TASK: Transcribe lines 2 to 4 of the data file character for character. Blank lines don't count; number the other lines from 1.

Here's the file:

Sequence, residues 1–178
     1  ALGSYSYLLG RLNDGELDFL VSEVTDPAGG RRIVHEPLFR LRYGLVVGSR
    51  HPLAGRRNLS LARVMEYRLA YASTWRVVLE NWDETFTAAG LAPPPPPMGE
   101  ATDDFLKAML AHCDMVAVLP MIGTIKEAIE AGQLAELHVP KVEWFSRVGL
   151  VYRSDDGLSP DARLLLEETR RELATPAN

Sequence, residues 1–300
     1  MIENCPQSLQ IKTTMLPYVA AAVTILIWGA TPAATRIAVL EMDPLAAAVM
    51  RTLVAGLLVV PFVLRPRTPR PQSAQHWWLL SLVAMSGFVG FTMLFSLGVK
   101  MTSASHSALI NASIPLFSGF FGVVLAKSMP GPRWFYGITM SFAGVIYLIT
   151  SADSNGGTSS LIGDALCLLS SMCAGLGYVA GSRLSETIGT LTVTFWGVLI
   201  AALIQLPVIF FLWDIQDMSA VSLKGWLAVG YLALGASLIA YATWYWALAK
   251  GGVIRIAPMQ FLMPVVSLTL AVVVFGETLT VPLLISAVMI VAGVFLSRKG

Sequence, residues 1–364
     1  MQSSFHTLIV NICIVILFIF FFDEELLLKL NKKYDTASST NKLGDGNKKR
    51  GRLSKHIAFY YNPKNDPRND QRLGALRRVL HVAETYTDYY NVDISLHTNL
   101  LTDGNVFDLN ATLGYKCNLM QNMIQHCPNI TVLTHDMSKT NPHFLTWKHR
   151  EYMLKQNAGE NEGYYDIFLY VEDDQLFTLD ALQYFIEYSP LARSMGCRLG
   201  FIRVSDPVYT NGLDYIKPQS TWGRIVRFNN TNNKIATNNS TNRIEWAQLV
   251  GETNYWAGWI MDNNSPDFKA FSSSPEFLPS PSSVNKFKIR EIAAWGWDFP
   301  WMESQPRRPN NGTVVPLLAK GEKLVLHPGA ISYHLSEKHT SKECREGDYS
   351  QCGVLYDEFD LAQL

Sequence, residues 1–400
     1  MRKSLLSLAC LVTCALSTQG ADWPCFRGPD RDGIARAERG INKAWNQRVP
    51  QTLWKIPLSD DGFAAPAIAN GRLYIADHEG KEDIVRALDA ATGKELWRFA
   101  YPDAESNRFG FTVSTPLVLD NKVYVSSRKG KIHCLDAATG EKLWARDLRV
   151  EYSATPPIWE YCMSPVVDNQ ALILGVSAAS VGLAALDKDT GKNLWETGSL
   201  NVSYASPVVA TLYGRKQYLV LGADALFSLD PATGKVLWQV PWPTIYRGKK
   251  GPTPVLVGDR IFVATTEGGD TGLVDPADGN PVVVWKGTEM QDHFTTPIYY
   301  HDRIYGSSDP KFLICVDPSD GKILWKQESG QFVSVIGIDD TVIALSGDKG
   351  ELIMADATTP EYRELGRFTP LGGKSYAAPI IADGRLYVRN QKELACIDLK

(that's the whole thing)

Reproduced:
     1  ALGSYSYLLG RLNDGELDFL VSEVTDPAGG RRIVHEPLFR LRYGLVVGSR
    51  HPLAGRRNLS LARVMEYRLA YASTWRVVLE NWDETFTAAG LAPPPPPMGE
   101  ATDDFLKAML AHCDMVAVLP MIGTIKEAIE AGQLAELHVP KVEWFSRVGL